This transition tapped new mid-latitude sources of energy, including the upper-level closed low pressure area over the mid-Atlantic, a surge of cold air wrapping into the storm, and the creation of numerous weather fronts.
The storm shown in the figure off the New Jersey coast is, by all appearances, a massive Nor’easter, fully coupled to the jet stream and sporting an intense cold and warm front.
However, within the very center of the storm, there remained a deep core of warm air, a tropical eye and eyewall, intense thunderstorms, and raging 75 mph sustained winds. In other words…it appeared as if a hurricane was sequestered within the cloak of a Nor’easter.
A Supercomputer Simulation Provides Valuable Insights About Sandy’s Transition
Dr. Thomas Galarneau at the National Center for Atmospheric Research (NCAR) and colleagues recently authored a highly technical paper describing the complex meteorological evolution of Sandy, based on supercomputer simulations.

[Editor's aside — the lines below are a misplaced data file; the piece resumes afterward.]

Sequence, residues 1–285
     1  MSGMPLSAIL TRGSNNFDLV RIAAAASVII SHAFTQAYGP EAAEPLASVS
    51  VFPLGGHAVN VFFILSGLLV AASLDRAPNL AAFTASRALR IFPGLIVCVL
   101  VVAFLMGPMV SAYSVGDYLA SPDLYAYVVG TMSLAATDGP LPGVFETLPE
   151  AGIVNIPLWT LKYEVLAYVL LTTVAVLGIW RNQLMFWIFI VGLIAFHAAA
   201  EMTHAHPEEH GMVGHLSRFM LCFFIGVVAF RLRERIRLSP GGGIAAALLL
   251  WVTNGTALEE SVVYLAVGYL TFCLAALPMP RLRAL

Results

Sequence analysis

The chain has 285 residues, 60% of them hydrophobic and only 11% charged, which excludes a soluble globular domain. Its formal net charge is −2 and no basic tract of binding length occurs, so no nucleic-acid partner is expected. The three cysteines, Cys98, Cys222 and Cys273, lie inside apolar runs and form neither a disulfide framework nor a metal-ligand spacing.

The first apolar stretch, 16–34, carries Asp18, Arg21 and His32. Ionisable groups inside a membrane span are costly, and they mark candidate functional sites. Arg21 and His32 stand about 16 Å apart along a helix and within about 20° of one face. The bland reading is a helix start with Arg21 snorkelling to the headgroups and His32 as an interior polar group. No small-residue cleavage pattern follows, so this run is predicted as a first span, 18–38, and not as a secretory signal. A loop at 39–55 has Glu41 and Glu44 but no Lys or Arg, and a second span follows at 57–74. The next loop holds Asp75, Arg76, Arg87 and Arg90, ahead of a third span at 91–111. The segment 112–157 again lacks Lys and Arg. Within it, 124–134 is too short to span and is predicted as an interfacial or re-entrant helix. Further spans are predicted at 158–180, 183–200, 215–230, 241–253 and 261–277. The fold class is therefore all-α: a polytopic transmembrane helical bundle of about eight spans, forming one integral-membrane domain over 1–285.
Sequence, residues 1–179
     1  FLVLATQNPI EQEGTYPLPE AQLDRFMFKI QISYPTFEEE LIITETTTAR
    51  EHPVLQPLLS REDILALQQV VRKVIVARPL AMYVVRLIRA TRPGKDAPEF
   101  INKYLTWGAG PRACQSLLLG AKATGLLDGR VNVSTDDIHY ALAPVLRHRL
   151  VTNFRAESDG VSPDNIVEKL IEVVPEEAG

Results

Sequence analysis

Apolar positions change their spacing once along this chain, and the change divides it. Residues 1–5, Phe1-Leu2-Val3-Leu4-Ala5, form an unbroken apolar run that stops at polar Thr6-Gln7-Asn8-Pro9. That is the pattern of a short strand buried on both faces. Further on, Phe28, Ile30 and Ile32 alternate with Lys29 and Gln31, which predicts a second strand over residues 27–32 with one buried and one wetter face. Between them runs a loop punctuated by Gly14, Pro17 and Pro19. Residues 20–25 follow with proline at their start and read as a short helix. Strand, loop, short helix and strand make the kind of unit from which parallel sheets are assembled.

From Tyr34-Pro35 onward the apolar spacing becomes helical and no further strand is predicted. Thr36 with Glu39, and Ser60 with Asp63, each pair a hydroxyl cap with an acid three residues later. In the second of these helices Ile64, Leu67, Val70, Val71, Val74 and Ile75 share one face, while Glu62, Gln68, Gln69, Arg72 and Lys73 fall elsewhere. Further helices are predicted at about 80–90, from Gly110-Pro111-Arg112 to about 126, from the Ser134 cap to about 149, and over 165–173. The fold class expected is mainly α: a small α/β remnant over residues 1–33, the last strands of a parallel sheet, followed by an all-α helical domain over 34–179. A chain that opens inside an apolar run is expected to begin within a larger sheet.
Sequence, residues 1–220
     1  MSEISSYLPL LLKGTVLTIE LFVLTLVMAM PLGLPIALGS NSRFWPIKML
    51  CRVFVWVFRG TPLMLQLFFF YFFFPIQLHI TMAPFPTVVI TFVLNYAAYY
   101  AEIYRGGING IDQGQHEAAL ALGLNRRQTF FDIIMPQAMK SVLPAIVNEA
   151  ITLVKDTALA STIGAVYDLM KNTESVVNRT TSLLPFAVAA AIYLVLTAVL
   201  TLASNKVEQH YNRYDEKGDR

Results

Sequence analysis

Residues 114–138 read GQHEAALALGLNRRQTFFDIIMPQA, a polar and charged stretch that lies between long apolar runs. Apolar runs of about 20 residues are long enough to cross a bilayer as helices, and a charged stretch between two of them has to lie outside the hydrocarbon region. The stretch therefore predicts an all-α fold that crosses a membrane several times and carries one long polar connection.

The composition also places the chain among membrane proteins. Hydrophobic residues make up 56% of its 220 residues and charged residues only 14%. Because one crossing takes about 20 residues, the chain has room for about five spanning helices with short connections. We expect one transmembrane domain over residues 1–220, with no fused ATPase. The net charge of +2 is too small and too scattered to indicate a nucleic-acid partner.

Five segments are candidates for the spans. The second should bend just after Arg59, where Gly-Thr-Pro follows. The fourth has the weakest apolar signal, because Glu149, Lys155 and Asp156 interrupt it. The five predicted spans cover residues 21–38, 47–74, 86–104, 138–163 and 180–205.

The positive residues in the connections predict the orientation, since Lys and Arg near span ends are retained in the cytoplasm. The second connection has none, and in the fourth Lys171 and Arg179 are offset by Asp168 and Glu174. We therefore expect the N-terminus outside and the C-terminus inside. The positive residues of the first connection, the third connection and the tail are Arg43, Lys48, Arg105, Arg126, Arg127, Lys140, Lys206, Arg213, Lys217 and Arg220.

To say that Sandy was a “hurricane wrapped in a nor’easter” is not quite correct. Nor’easters are cold-core vortices, while tropical cyclones contain warm air in their core. Sandy was a special type of storm, one rarely observed, in which cold air wraps around an intact, tropical warm core, effectively secluding it.
The usual pathway to such a “warm seclusion” occurs in ordinary Nor’easters, when cold air pushes so vigorously into the center, a piece of ocean-warmed air gets trapped inside. But it’s much more unusual for the seclusion process to unfold in a pre-existing, warm-core tropical system, such as hurricane.
The computer simulation of Sandy revealed three unique facets about the storm:
(1) Upper-level air vented away from the top of Sandy in a highly asymmetric manner, streaming toward the Midwest in a great wave-like flow (99% of hurricanes along the Eastern Seaboard direct their main outflow toward the north or northeast);
(2) A massive surge of cool air wrapped around Sandy’s tropical core, streaming off North America. This helped generate hurricane-force winds on the southwest flank, at a great distance from the inner eyewall (labeled “secondary wind maximum” in figure above). The cool air surge helped the storm maintain its strength, and perhaps even intensified Sandy further. This is because the cool invasion sharpened the temperature gradient across the storm;